Before shipping out to Afghanistan, the U.S. Army and members of the Indiana National Guard have been training inside a simulated Afghan village—using what the New York Times describes as a “vaguely foreboding institution that once served as a farm colony for ‘feeble-minded’ boys, and later was a state mental hospital.”
The Army and the Indiana National Guard have turned the windswept complex, known as Muscatatuck, into a simulacrum of a war-torn Afghan city, with a courthouse, a jail and a graffiti-smeared marketplace. While the table-flat farmland around here hardly evokes the Hindu Kush, this is where the government trains Americans who are part of the most ambitious civilian campaign the United States has mounted in a foreign country in generations—a “civilian surge” intended to improve the lives of Afghans.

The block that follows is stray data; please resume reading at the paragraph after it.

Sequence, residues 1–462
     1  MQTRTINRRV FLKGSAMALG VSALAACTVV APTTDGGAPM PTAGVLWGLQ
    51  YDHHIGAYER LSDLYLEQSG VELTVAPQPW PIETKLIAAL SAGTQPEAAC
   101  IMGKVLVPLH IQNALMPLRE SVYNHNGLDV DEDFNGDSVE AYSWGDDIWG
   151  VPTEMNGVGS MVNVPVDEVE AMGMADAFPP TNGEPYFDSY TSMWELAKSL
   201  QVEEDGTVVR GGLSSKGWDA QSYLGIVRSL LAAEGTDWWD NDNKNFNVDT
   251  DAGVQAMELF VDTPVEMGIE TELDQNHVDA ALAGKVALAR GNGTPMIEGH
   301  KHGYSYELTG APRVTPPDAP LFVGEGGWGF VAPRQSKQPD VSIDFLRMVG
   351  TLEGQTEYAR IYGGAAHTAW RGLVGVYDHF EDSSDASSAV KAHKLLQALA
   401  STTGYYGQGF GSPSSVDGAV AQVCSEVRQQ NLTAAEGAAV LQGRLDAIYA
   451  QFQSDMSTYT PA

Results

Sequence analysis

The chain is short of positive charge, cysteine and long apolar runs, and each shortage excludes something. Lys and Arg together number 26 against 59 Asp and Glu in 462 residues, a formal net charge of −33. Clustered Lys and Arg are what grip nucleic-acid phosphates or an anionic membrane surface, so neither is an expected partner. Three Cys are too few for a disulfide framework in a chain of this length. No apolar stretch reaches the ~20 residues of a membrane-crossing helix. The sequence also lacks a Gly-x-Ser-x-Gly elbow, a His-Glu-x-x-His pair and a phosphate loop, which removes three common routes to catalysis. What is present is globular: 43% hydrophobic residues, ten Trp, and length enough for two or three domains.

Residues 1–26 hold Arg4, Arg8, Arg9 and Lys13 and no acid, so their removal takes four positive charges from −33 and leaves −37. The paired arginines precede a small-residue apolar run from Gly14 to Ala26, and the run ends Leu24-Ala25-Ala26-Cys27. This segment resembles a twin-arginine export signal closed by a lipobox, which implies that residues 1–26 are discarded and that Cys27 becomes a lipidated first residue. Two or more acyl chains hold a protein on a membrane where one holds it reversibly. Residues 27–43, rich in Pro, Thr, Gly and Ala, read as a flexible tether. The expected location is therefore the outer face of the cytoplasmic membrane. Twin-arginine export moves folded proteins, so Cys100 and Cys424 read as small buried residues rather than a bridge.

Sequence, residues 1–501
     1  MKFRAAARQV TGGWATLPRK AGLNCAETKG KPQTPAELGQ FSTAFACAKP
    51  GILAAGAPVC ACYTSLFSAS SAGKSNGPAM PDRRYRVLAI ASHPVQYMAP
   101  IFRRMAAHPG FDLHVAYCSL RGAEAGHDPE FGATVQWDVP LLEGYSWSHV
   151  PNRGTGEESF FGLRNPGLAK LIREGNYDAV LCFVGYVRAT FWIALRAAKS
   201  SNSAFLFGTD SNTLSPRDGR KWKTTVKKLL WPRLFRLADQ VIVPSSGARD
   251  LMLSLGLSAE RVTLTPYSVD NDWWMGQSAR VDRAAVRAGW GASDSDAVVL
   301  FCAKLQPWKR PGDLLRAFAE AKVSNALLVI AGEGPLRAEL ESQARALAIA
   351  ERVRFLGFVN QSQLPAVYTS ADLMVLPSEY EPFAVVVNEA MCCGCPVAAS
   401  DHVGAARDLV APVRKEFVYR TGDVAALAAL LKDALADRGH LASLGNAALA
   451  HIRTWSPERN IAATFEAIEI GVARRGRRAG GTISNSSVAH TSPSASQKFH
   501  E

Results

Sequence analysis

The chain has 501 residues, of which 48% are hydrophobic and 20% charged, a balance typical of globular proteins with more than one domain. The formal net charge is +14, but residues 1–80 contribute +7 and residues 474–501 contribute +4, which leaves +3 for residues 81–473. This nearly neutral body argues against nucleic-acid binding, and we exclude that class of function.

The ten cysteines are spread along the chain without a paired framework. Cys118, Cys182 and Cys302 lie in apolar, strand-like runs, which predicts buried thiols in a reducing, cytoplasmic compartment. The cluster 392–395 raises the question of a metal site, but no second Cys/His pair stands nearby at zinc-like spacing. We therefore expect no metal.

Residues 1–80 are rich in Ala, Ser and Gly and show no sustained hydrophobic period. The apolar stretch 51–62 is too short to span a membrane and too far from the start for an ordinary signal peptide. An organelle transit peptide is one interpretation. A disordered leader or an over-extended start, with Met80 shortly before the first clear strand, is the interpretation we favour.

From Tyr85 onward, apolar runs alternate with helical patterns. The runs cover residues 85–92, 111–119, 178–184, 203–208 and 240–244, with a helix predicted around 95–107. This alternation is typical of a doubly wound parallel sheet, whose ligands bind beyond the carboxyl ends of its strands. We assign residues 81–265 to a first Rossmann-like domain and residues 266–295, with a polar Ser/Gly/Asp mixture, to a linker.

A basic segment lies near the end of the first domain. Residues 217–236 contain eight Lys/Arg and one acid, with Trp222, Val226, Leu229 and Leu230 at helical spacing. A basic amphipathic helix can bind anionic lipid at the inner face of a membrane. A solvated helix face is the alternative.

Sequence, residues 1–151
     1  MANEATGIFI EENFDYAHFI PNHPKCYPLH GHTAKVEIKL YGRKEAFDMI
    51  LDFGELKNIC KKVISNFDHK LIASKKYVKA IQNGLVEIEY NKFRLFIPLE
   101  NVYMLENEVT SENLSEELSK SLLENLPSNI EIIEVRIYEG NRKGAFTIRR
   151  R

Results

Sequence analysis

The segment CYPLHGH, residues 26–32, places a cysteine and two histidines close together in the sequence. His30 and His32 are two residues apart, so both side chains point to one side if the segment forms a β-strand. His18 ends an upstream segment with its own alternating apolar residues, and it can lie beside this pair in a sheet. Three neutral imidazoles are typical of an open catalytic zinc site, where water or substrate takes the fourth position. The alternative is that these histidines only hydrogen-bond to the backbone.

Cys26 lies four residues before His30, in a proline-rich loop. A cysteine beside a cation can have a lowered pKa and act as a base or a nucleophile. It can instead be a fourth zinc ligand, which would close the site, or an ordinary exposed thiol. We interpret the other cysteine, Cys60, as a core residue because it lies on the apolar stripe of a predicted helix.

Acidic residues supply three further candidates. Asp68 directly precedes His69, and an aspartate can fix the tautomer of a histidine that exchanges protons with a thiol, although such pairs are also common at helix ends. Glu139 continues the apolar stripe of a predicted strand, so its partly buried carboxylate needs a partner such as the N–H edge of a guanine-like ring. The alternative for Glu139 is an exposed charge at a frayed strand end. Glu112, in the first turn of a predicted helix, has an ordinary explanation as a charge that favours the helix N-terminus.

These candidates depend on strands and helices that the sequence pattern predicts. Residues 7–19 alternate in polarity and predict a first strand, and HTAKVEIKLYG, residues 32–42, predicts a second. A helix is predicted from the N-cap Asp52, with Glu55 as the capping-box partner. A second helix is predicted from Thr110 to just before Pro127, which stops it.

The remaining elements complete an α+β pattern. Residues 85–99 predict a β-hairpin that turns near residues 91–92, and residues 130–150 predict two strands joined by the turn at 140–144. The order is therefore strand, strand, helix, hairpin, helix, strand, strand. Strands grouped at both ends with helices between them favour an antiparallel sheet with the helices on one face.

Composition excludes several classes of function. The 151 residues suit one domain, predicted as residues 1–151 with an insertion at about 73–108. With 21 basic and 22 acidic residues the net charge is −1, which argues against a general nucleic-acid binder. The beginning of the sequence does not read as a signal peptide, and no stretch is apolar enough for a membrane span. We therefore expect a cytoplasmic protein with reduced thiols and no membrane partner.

The facility’s own website enumerates its architectural benefits, as it comes complete with “1,000 Acres, 70 Buildings, 2,000+ Rooms, (…) 9 Buildings with basements, [and] One mile of tunnels.”
This is, of course, only the most recent example of these sorts of facilities to receive media attention; it is but one part of the massive network of militarized simulations that have been built throughout the United States since 9/11 (and these facilities, of course, are themselves nothing new nor are they unique to the United States: there are historical precedents dating back millennia, as any competent military since the dawn of invasion has simulated its spatial tactics in advance). One such facility even hired actor Carl Weathers, of Apollo Creed fame, to serve as an “acting coach” for the simulated insurgents.
But the passage of U.S. Army trainees through a repurposed mental hospital—in fact, “a farm colony for ‘feeble-minded’ boys”—with the implication that this will help to prepare them for the violence of foreign wars, is extraordinary.